Recently, the topic of “consent” in connection with sexual activities has been thrust into the national spotlight in a variety of cases, including those that have taken place in California. Because the topic of consent has evolved significantly in California during the past few years, it is important to take a closer look at what this means right now. Remember that if you have questions or concerns about consent, you should reach out to a sexual assault attorney in California for more information.
Consent Involving Children
In 2015, the California state legislature passed Senate Bill No. 14 (SB-14). This bill prohibits the “consent” defense in a civil lawsuit when the adult has a position of authority over the minor. Examples of authority positions include parents, babysitters, doctors, teachers, religious leaders, and others. The “consent” defense refers to someone saying they did not assault that person because the other person gave consent.
Even though children under the age of 18 cannot give consent under criminal law, court rulings prior to the passage of this bill had found that a child under the age of 18 could give consent in civil cases, creating a troubling double-standard that was rectified through this bill.
Consent Involving Adults
In cases involving adults, the law is very black and white. If there is no mutual consent to engage in a particular sexual activity, then a sexual assault has necessarily taken place. Individuals defending themselves against such charges usually provide an affirmative defense, saying that the plaintiff had indeed provided consent.
What does consent mean? In this situation, consent is defined as the “positive cooperation in act or attitude” as it relates to the activity taking place. While showing resistance is a sign of withdrawing consent, a lack of resistance does not mean consent. What might ineffective consent look like?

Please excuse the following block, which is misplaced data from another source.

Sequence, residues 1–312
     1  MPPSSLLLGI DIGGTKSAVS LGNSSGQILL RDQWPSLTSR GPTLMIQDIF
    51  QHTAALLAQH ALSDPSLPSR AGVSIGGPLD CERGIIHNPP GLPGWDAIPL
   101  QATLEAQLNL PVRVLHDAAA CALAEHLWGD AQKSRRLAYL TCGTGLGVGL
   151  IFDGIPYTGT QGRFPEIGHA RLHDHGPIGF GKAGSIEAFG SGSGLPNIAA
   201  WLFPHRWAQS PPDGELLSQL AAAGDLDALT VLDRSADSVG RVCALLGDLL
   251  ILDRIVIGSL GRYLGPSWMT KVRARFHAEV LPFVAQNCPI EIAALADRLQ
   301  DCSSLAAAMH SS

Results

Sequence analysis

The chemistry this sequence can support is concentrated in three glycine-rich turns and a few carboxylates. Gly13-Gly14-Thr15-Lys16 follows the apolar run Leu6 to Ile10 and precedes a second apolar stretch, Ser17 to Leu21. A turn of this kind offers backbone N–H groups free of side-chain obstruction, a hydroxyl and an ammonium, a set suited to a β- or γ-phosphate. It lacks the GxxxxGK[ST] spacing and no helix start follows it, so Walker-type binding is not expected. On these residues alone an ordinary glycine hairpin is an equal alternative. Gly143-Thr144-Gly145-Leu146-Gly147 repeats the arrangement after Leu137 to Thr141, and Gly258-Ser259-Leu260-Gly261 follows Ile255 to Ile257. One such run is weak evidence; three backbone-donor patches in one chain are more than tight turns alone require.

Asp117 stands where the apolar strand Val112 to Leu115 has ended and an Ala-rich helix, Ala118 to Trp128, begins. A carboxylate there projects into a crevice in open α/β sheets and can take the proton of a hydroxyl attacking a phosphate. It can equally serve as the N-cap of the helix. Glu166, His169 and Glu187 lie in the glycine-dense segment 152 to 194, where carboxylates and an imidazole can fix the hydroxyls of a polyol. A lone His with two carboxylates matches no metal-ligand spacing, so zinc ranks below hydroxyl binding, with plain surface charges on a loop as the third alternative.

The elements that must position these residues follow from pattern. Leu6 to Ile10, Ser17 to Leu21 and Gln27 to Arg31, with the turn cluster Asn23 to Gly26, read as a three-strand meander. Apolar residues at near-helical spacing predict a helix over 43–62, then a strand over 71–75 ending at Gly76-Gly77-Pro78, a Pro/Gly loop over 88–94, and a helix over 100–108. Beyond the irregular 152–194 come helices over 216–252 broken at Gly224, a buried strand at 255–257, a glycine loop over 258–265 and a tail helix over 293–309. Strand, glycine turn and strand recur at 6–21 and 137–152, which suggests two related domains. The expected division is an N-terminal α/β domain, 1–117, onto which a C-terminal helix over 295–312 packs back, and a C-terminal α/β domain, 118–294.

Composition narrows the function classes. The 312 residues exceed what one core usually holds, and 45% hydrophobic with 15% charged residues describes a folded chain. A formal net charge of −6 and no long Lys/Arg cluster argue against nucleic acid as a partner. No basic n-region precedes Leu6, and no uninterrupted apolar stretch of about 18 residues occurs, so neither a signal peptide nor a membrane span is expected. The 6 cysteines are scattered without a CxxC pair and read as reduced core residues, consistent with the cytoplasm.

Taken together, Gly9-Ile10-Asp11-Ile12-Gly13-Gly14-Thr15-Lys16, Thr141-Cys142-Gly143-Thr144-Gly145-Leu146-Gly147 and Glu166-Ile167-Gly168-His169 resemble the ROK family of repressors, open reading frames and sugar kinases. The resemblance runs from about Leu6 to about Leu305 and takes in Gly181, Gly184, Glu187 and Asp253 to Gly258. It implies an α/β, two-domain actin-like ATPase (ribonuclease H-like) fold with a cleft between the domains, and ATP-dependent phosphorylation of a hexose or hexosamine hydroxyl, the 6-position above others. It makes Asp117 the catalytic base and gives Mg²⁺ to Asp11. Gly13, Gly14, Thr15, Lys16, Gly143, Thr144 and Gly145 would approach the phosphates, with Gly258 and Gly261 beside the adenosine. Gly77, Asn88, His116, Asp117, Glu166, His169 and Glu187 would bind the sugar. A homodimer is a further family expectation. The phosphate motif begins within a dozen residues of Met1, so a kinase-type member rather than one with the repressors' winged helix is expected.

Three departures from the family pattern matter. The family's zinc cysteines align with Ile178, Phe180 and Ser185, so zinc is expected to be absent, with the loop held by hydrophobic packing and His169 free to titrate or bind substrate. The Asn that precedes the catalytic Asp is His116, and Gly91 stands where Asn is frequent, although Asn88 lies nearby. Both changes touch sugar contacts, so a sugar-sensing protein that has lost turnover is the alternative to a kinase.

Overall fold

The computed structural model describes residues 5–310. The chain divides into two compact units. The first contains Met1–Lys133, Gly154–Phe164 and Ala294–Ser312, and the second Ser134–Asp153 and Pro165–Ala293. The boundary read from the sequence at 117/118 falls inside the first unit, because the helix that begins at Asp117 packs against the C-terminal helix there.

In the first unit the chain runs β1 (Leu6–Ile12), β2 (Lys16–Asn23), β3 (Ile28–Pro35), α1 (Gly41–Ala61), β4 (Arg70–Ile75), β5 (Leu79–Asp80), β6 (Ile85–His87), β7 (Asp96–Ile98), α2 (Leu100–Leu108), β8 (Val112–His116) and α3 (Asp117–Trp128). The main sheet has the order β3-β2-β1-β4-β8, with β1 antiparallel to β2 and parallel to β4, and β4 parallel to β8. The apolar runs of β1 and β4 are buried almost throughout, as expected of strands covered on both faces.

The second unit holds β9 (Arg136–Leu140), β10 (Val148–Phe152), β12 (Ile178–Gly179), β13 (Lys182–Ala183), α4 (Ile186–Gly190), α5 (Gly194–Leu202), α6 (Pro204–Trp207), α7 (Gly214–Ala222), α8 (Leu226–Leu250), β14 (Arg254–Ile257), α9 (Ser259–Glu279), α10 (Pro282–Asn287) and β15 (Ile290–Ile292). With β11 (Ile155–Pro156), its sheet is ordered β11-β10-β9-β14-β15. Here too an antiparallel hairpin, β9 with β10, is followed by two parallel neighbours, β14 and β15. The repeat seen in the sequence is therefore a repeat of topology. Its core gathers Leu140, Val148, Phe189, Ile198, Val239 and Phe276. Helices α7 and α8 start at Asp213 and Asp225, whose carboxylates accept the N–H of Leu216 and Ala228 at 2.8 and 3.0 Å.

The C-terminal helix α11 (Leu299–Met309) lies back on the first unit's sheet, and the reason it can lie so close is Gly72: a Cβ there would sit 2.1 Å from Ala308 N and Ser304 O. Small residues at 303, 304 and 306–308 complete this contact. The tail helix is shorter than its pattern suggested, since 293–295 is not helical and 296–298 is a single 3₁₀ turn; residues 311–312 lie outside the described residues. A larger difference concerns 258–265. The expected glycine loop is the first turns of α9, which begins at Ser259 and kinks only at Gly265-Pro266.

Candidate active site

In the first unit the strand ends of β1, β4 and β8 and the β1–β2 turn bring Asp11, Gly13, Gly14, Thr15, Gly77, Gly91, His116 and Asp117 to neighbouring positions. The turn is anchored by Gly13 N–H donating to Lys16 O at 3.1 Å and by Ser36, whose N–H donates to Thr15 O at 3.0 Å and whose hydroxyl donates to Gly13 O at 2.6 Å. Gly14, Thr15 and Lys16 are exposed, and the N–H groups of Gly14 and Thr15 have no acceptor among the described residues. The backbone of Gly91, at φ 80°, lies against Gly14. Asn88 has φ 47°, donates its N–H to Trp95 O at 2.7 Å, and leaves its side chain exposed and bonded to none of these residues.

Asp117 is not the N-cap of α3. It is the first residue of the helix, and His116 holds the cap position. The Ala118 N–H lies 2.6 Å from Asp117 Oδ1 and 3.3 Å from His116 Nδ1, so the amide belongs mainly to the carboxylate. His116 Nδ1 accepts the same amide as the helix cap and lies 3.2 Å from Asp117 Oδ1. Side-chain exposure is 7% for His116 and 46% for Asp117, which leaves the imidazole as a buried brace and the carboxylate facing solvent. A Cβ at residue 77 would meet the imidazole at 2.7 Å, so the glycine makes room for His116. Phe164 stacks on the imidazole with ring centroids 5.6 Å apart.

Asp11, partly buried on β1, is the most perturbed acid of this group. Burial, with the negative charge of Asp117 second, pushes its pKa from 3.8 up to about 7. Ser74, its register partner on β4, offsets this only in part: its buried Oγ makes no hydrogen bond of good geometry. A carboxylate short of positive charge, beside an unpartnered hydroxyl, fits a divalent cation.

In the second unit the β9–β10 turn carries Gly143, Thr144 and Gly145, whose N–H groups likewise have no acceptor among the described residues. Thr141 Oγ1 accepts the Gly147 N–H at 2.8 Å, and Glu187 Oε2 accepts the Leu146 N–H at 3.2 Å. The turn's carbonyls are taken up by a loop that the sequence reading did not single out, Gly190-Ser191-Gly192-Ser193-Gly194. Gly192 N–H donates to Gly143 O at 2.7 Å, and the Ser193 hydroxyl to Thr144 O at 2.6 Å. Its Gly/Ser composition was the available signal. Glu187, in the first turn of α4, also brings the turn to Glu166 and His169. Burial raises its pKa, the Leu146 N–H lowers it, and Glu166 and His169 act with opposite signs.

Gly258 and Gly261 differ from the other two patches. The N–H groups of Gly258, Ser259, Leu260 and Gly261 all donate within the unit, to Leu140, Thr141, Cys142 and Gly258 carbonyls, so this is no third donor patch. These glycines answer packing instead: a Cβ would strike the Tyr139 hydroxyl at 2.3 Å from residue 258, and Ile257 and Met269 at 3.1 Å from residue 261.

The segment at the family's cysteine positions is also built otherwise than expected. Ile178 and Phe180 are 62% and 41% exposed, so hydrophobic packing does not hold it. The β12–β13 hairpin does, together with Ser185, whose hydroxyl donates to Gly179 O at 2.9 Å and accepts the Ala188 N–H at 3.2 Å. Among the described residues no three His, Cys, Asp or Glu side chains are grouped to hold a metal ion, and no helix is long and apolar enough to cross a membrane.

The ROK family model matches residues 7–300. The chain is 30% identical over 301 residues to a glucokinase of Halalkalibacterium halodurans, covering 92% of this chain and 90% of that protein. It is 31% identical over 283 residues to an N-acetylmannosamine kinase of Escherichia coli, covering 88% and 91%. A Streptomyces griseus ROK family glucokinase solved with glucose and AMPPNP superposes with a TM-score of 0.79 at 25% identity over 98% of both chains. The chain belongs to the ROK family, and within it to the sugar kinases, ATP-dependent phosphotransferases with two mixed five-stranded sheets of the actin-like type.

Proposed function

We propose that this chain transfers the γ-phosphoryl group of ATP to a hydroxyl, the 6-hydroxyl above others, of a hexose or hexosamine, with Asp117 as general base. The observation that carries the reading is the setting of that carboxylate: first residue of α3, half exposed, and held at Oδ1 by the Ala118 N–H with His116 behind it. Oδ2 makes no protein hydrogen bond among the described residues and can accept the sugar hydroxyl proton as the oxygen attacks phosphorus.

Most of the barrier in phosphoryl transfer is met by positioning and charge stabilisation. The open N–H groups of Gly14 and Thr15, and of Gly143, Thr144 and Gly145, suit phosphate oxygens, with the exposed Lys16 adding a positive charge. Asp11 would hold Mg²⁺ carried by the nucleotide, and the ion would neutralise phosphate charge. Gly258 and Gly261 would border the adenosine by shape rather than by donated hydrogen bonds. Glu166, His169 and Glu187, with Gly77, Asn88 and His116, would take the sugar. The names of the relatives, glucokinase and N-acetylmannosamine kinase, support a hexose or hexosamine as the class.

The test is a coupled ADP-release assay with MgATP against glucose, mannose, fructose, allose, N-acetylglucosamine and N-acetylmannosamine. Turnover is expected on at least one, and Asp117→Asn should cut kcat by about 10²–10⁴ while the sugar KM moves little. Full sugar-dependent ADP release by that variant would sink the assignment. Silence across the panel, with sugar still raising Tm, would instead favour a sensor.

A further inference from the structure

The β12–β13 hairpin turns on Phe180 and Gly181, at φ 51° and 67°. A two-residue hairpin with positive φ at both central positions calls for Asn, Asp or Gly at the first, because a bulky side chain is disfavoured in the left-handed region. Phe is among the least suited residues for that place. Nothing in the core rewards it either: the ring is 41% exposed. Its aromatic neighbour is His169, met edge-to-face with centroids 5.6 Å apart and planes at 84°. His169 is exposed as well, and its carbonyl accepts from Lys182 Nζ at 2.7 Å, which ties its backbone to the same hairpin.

Examples of Ineffective Consent
There are several common examples of misconstrued or misinterpreted situations that are NOT examples of consent. These include:
- If that person does not have the capacity to consent, then that person cannot give consent.
- If that person does not have the capacity to understand the actions taking place, that person cannot give consent.
- Consent is not given if that consent was fraudulently obtained, such as someone misrepresenting one action as something else.
- Consent given to one action does not mean consent is given to all actions.
Because consent is such an important topic, it is important to rely on a trained California sexual assault attorney for help in these circumstances.
Rely on an Experienced California Sexual Assault Attorney
It is important for you to understand what consent is and what it is not. Because California has seen some changes in recent years related to its sexual assault laws, you should rely on an experienced attorney for help. At the Trial Law Offices of Bradley I. Kramer, M.D., Esq. we always place the needs of our clients ahead of our own. We will be with you every step of the way, making sure that all of your needs are met. Contact us today to learn more about how we can help you.